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Anticipatory planning

Newly diagnosed? Anticipatory planning Great meals Breathing issues    

MND/ALS generally has 3 main ‘starting’ points in the body, so some of the anticipatory planning will revolve around what parts of the body are most likely, or obviously failing first.

These are – bulbar onset that starts with speech and swallowing, arm onset and leg onset.

One of the biggest issues we have with anticipatory planning is that no one can tell in advance how quickly progression will happen or where in the body progression may move to at any time. The following is a guideline to help you look at your own individual situation. Some of the things discussed on this page will have different names in different countries.

1. In every case the first thing that needs to be attended to are the legal and financial matters. 
The time just after diagnosis is a very emotional time and you may not feel that you are up to this, but it is important to get the following into place:
a. Prior to diagnosis, if possible, get life insurance and long-term care or income protection insurance.
b. Make sure your will is clear and up to date
c. Advanced health care directive (AHCD)e also known as a Living Will in some countries.
This document allows you to state clearly what medical interventions or treatments you want in certain situations, including a DNR order. You should talk with your doctor about this document to ensure you are clear on what different terms mean so that you fill it out according to what your wishes are.
* There is an excellent guide that will help you define your wishes under different medical circumstances in the US. It is called “Five Wishes” and is available at
* Do Not Resuscitate (DNR): Cardiopulmonary resuscitation (CPR) and advanced cardiac life support (ACLS) will not be performed if a valid written "DNR" order is present. Keep this document handy at all times in case there is an emergency and you are not at hand - keep it on the fridge, and a copy in a hospital bag you have packed ready for emergencies. Make sure any staff who assist in the home are very aware of what has been decided in the AHCD and DNR.
d. Power of enduring guardianship (called Health care proxy in some countries).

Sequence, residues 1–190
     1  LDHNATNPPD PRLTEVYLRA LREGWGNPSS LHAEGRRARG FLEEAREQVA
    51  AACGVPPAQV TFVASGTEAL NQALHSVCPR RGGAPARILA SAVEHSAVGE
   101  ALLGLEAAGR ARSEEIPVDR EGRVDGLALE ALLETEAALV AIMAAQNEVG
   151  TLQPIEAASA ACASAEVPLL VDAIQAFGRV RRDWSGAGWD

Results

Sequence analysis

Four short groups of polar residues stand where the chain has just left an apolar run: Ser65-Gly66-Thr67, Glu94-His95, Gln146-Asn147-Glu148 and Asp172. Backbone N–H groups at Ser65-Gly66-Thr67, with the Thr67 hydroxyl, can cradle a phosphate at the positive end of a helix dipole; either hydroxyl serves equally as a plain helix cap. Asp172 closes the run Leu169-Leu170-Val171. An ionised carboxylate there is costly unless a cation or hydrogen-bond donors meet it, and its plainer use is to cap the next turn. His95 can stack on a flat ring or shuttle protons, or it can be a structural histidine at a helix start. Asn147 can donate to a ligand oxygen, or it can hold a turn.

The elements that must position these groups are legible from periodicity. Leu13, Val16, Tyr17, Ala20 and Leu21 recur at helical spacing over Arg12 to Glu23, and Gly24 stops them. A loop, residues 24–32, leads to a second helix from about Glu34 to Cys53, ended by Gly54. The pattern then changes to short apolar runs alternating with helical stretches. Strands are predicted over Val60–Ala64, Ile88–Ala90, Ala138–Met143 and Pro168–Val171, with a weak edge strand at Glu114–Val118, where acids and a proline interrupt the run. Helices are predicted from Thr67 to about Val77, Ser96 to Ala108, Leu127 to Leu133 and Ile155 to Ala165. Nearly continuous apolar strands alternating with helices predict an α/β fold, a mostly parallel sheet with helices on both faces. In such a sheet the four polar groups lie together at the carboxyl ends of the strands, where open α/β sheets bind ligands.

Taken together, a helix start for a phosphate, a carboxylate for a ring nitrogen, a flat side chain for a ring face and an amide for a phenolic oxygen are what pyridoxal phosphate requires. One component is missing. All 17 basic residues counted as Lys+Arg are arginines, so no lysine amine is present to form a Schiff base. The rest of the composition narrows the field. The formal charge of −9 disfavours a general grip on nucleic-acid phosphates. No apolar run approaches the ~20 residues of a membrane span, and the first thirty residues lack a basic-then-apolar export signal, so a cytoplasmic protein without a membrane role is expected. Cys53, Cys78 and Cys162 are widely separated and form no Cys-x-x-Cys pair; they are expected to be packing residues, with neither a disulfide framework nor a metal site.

This document allows you to nominate someone that you trust to advocate for you with medical professionals if you either lose the intellectual ability to do so, or cannot communicate and sign for yourself. This person must only then carry out what has been signed by you in the advanced health directive.
e. Power of enduring attorney. This document allows you to nominate someone that you trust to operate your finances for you if you are unable to do so. For example if you lose the ability to sign documents, this person can do this for you.

Some of these documents have slightly different names in different countries, your solicitor will be able to advise you of the correct document names for where you live.

2. One of the most important tasks a caregiver has is to try to anticipate what will be needed before it is needed and have things in place in advance. The importance of this is to avoid crisis. 

Some examples of the kinds of equipment you need to consider early are:
⎯ Walking cane
⎯ Walker
⎯ Manual wheelchair - these fold up and can be put easily in a car, but aren’t good for sitting in all day.
⎯ Power wheelchair - these will not fold up and need a special or modified vehicle to transport out of home, but can be sat in all day
⎯ Hospital bed.- these have a remote control to allow raising and lowering parts of the bed to assist positioning
⎯ Alternating air mattress - these prevent pressure area sores
⎯ Recliner/raiser chair - these have a remote control and allow reclining, and assist to get to a standing position.
⎯ High backed chair with adjustable height - these are great in the early stages as a sitting chair during the day.
⎯ Shower chair - great to allow you to sit in the shower to wash yourself.
⎯ Shower commode chair - these are on wheels and allow you to be rolled over a toilet and into a shower.